Kenya’s wheat imports hit Sh35.6 billion last year amid rising concerns by local farmers that millers are overlooking their produce.
The farmers said millers are shunning their crop in favour of imports because oversupply in the international market has driven down wheat prices by more than 30 per cent since last year. This means that millers are enjoying bigger margins from the imported wheat compared to the local grain
“Millers are no longer buying wheat from farmers since their silos are full of imports,” said Mr Anthony Kioko, chief executive of Cereal Growers Association (CGA), a lobby for local farmers. Kenya is a net importer of wheat, producing below 500,000 tonnes against an annual consumption of 1 million tonnes. The farmers’ lobby said hundreds of farmers in the Rift Valley grain basket are stuck with thousands of bags of wheat from last season’s crop because millers’ stores are full.
The Sh35.6 billion imports represent a 5.3 per cent rise from Sh33.8 billion in 2014 and Sh30 billion a year earlier, the Kenya National Bureau of Statistics (KNBS) data shows. GA says imported wheat costs about Sh2, 600 per bag compared to above Sh3, 000 that local farmers need to sell their produce to break even.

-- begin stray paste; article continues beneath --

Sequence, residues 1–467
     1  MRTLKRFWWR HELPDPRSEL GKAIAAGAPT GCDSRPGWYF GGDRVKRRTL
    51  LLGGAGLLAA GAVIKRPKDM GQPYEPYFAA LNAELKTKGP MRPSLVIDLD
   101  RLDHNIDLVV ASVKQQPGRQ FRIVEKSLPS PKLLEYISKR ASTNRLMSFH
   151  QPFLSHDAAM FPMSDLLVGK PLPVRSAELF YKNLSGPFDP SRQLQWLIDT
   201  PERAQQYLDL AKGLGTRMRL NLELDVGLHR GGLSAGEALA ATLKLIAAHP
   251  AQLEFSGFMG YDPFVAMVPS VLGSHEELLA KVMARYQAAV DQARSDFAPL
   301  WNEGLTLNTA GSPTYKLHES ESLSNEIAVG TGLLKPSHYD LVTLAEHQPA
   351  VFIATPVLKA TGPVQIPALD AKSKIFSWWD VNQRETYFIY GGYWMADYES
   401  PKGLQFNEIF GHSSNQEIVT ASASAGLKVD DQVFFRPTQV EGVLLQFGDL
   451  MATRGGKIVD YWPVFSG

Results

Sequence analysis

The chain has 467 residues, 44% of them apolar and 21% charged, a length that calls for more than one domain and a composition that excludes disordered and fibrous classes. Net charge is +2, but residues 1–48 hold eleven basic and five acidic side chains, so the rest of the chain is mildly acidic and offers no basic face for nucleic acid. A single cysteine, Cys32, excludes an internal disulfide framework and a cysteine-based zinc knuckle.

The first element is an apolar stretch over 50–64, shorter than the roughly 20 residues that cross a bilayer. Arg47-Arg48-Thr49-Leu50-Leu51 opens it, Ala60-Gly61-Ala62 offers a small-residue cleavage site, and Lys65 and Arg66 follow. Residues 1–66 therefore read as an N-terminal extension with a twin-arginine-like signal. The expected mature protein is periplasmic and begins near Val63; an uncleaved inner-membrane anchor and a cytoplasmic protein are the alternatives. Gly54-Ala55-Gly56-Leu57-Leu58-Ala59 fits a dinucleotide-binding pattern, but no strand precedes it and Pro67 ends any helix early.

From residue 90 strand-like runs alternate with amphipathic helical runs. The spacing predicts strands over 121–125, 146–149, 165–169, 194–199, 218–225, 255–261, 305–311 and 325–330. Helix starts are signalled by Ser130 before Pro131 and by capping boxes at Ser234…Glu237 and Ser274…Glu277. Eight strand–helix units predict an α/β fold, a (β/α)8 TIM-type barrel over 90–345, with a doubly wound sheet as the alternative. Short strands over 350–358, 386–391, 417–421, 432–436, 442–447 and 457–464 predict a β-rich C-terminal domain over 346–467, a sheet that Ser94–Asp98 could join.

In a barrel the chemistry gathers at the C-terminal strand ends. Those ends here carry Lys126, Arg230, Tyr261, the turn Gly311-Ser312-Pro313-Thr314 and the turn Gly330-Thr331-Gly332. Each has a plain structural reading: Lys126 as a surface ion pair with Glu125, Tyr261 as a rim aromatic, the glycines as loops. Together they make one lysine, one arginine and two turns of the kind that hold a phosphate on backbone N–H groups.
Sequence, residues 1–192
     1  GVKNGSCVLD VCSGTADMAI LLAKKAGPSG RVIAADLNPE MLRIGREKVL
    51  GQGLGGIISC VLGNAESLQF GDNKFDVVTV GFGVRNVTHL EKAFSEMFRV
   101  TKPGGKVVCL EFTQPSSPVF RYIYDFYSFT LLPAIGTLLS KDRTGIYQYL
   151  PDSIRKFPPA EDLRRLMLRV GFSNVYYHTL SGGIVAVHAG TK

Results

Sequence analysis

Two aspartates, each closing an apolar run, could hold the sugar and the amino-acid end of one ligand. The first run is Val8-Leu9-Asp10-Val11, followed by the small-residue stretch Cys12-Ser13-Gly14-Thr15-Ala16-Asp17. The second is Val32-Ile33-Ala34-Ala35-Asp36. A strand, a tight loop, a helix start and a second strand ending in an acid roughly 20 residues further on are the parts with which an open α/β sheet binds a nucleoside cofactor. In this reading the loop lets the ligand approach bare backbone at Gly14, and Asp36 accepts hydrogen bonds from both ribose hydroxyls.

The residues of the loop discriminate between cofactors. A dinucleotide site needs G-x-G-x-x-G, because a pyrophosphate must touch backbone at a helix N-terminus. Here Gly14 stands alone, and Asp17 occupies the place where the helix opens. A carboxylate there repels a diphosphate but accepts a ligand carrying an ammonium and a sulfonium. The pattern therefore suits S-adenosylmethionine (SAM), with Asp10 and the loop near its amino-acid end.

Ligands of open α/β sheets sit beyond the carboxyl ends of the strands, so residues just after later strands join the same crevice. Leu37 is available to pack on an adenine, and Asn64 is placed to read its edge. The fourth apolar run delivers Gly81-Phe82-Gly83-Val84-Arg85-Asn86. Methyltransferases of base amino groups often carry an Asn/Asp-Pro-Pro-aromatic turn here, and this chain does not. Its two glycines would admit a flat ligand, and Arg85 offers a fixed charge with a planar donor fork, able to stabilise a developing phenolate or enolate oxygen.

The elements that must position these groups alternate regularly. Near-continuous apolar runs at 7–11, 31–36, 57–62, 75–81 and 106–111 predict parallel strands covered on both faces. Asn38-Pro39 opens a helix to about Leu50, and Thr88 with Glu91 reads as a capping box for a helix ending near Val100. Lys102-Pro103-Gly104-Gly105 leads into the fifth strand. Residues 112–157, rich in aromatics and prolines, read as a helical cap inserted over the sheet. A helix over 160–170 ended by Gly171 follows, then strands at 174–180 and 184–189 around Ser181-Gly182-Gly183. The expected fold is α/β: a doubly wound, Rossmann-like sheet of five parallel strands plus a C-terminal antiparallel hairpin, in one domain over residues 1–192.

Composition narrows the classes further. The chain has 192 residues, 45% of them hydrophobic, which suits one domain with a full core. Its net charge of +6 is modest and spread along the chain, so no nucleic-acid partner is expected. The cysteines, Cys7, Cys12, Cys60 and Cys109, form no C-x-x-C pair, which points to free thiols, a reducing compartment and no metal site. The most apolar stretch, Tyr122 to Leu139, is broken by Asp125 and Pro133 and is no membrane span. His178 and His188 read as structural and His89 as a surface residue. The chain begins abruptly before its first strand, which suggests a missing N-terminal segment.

Wheat flour prices have slightly changed over the past year with a two-kilo packet retailing at between Sh126 and Sh140 in the supermarkets. Wheat imports grew to 1.4 million tonnes from 1.2 million in 2014 and one million a year earlier. At Sh35.6 billion, wheat was at position nine on the list of Kenya’s top imports, behind animal and vegetable fats and oils whose shipment stood at Sh47 billion.
Wheat, animal and vegetable oils have been on the top 10 list of the country’s imports since 2013.Sector players have faulted the import growth saying that Kenya is agriculture-driven with large tracts of arable lands, which if put to productive use could sharply reduce external purchases and ease pressure on the shilling.
They have previously asked the State to increase import duty on wheat to 35 per cent from the current 10 per cent, to curb inflow of the grain .As part of the country’s food security policy, the government had lowered import duty on wheat to 25 per cent and later in 2010 to 10 per cent to plug shortfall through cheaper imports, expected to lower flour prices. The move was made against the backdrop of high commodity prices globally. Farmers now say the 35 per cent import duty should be re-introduced since prices have reduced.
The Ministry of Agriculture has, however, ruled out any tax increase, saying wheat growers should adopt measures to cut cost of production and remain afloat in the market. “We cannot revise the duty at this time from 10 per cent to an upper figure because we are operating under the EAC protocol that requires concurrence by all member states,” Agriculture CS Willy Bett said in an earlier interview.